She had seen him from the other side of the street, long legs like scythes and his shadow projected on the grey wall of University, squeezing through the crowd and had run towards him, shouting over the flow of cars racing their engines to the maximum: Cristiaaan!
They agreed to meet at the corner of the street in front of the library. That’s where he was heading but Madi hadn’t had the patience, as she wanted him to know she had seen him from across the street. She hadn’t paid any attention, of course, she had just sprung towards him, electrified by the unexpected recognition of the tall silhouette and the head wrapped in a cherry-coloured piece of cloth, an image that instantaneously melted her soul just like the first time she had seen him, threading his way along the dark wall in Club A.
Under the clear sky of May, the intersection at University Square was vibrating of engines packed in bright, colourful carcasses, and among them, was quickly advancing the black car, just like the black cat, like the black kid. A car, the size of an elephant, stealthily entered the cross of the road, while the slippery sounds were wafting over the boulevard- 8 fresh and slender sounds like ice cream cups. Madi had freed them from her lungs as she was watching the cherry-coloured bandana advancing above all the other heads, also hurrying to creep along the grey wall. She had called his name and carried on hoping that he would turn his head, even after she realized the front of the black car had hit her as if she were a rubber skittle. The news of her death passed as swift as lightning through her head while his name kept floating towards the cherry-coloured spot. For a fleeting moment, Madi saw the sky, but tried, once again, to look about for the tall and hasty silhouette, wishing with a death longing that her scream would catch up with him. And as her body, spectacularly lifted in the air, was directed to the dusty asphalt, the eight willowy and cheerful sounds were moving away above the cars, tenderly coiling around the cables along the street, internet, television, electricity or phone wires, unseen roads, suffocated by thousands of passengers, each with his own goal, a goal which was as clear as the one of the eight chained and foamy sounds resembling some spots of light enthusiastic about their freedom.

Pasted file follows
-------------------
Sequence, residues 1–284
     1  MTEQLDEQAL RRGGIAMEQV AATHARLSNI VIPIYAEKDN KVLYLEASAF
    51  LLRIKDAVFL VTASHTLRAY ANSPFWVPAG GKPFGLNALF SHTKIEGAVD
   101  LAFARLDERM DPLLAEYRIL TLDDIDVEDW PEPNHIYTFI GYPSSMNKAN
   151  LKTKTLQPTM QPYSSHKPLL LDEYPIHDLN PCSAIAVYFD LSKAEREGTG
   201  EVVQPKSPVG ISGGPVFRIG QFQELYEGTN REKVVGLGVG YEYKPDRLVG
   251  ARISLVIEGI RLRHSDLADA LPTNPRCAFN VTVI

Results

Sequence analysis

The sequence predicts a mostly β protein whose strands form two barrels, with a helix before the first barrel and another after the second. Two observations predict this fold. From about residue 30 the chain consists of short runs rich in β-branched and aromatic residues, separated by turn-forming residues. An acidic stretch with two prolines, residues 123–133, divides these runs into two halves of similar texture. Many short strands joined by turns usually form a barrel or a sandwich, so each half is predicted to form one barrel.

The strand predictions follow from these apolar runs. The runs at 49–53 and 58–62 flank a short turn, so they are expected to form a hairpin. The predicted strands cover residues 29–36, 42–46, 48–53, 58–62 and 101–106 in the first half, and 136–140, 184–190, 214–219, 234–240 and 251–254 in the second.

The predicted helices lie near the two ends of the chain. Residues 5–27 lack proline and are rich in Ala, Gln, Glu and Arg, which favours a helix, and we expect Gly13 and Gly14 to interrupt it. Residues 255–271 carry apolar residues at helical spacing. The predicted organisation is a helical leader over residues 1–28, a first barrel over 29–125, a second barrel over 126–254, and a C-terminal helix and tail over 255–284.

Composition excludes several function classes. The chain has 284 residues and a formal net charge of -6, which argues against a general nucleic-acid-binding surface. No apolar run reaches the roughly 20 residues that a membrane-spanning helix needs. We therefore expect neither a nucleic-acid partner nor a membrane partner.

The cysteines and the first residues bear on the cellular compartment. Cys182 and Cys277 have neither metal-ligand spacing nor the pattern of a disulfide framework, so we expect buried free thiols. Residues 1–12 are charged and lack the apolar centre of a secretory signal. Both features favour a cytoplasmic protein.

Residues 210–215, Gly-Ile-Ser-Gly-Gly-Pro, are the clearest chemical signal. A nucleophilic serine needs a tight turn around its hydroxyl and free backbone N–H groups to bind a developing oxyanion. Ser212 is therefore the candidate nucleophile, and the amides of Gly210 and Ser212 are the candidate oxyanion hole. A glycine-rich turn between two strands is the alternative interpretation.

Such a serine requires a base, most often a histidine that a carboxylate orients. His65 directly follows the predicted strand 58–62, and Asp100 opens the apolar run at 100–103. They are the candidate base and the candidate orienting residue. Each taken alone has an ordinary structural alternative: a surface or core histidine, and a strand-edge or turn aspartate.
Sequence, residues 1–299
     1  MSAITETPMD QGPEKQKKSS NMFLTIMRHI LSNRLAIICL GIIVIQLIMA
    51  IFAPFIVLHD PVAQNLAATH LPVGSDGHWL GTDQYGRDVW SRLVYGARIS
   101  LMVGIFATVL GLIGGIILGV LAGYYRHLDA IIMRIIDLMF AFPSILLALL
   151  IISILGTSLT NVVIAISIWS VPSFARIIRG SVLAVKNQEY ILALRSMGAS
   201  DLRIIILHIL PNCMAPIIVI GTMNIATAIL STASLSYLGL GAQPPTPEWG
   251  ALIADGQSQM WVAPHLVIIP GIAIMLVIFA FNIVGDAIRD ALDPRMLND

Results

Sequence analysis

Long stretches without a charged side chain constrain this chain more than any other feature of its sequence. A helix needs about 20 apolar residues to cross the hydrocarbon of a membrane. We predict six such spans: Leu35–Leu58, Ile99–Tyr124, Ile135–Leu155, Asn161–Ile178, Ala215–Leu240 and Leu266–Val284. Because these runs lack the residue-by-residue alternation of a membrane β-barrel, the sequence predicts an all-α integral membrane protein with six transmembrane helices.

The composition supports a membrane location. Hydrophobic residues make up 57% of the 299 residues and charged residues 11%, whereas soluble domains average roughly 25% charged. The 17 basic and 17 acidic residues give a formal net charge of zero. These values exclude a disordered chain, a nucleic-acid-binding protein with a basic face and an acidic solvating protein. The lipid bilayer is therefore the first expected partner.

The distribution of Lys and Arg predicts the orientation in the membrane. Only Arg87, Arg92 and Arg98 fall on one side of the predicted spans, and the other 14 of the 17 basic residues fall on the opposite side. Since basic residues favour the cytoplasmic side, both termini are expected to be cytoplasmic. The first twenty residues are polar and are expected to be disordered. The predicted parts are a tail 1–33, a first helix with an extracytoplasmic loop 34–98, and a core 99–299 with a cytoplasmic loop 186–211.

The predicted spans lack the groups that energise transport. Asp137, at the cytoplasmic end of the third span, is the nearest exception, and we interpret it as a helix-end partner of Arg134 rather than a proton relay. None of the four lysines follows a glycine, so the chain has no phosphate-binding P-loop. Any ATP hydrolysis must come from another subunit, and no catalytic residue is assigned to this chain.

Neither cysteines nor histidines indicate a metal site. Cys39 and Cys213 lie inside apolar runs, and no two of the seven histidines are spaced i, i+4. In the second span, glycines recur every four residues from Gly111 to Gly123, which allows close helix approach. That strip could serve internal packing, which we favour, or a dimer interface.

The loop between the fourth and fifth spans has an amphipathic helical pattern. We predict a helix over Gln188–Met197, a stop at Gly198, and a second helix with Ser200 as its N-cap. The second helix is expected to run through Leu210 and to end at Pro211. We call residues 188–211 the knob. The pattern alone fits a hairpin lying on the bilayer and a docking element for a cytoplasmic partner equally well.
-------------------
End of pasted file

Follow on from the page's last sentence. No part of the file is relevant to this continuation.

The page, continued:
Cristian arrived at the library on time and kept waiting for Madi among the bookshelves, reading indiscriminately the backs of the books: The History of the Ancient Egypt, The Sins of the Modern Man, Living to Tell the Tale, dictionaries, guide books, literature, white, red, orange book backs; and when he had realized she wasn’t coming, he had beeped her and then called. Her mobile phone was hidden at the base of the escalator, and only when it rang the second time, had Saridon seen it and quickly shuffled it out of sight, in the pocket of his baggy trousers and ran away to get rid of the commodity fallen out of the blue. Therefore, only in the evening did Cristian find about Madi’s death. For months, he kept thinking of how he could have saved her, imagining various ways in which he could have stopped her on the other side of the street. Madi was part of his soul and Cristian’s life had suddenly dried like a raisin in the sun without her. Cristian endured the flying seconds going forward, forsaken among people, apathetic and in low spirits, alone in a world ready to offer him some advice, to sympathize with him or to give him a push because he had no purpose under the sun.
His sorrow lasted a few years, after which, imperceptibly matured, became a docile and sullen man. His parents pulled all the strings they could so that he would seize the good opportunity for a position with Consumer’s Protection Office. He wasn’t an inspector or any other person with heavy responsibilities upon his shoulders, he was just a translator. He was in charge of the labels on the food products. Life was comfortable. Cristian was a good-natured man, he spoke little and seemed pretty careful with himself, because his mother spent a lot of time so that his clothes would be clean, ironed and neatly arranged on his chair every morning, clothes that Cristian didn’t even look at. He had given up buying brand name T-shirts or fashionable trainers long time ago. He just wore whatever his mother gave him. And once trapped in this routine, life was smoothly unfolding among shapeless thoughts, not even his nourishing thoughts, as they used to be, but a pile of tainted scraps.